Advantages of Nuclear Power – A Debate

Those interested in energy development, energy independence, clean energy and/or global warming may be interested in a debate about the advantages and feasibility of nuclear energy ongoing presently in Scientific American and the Chicago Sun-Times.

Writing in the December Scientific American (go here for a pdf of the article sent to me by the authors), physicists William Hannun, Gerald Marsh and George Stanford say the U.S. is missing out on a global trend as as more people worldwide are realizing nuclear power “may be the most environmentally-friendly way to generate large amounts of electricity.”

Furthermore, they write:

If developed sensibly, nuclear power could be truly sustainable and essentially inexhaustible and could operate without contributing to climate change. In particular, a relatively new form of nuclear technology could overcome the principal drawbacks of current methods – namely, worries about reactor accidents, the potential for diversion of nuclear fuel into highly destructive weapons, the management of dangerous, long-lived radioactive waste, and the depletion of global reserves of economically available uranium.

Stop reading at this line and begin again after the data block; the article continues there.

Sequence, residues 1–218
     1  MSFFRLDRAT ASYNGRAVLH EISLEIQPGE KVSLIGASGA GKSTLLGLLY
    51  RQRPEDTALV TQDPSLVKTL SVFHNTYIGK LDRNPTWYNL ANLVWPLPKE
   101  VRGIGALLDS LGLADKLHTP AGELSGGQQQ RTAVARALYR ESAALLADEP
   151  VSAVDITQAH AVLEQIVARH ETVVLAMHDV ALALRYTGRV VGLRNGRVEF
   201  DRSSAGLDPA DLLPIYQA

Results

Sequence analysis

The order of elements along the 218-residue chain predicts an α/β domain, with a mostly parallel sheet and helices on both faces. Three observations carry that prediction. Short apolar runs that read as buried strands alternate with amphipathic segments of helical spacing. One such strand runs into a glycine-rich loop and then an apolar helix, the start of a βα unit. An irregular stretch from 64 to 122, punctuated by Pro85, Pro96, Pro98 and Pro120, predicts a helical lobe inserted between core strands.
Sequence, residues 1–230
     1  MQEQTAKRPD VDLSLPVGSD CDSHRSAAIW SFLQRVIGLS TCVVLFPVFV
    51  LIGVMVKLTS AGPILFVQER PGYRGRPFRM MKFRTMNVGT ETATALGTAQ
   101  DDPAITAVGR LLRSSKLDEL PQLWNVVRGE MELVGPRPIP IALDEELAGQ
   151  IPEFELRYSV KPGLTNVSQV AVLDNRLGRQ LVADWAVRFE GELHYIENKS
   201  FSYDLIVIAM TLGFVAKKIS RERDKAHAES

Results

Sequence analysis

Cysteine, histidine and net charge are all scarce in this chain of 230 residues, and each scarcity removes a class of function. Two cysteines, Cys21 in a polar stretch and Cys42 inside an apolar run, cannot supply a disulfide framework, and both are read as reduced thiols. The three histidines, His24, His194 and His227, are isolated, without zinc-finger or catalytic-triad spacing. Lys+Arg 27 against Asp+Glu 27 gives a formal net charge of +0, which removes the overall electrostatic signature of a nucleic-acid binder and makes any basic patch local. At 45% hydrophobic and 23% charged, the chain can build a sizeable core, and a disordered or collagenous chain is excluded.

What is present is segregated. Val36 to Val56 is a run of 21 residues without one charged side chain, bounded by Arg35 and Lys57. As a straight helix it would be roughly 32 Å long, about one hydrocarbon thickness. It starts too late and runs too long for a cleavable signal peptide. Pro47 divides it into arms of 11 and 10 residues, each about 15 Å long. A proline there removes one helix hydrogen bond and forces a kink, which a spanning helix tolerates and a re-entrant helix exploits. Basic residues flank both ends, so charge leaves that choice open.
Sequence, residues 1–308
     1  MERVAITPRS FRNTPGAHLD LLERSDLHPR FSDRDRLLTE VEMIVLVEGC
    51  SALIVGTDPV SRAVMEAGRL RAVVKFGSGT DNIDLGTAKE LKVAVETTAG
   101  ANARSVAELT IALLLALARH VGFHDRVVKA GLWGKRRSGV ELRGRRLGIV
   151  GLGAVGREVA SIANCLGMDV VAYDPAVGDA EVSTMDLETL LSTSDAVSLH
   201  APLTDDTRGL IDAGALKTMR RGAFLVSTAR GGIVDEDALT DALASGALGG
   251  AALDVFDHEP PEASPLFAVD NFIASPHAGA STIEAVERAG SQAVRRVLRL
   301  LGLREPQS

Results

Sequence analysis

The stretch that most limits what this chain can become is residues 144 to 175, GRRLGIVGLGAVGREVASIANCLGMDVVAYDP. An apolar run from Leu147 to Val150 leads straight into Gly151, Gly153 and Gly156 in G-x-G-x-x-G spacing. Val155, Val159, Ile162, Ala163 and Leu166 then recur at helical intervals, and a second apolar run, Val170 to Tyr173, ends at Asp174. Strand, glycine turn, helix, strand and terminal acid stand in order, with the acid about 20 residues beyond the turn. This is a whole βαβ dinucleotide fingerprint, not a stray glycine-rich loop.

After public policy consultant Tom Randall described key aspects of the Hannum/Marsh/Stanford thesis in a piece for the Chicago Sun-Times, Edwin Lyman, senior staff scientist with the Union of Concerned Scientists wrote to the paper with a contrary view. Marsh and Stanford then responded.

Addendum: John Rennie, editor-in-chief of Scientific American, writes about the Hannum/Marsh/Stanford article on the Scientific American blog here.

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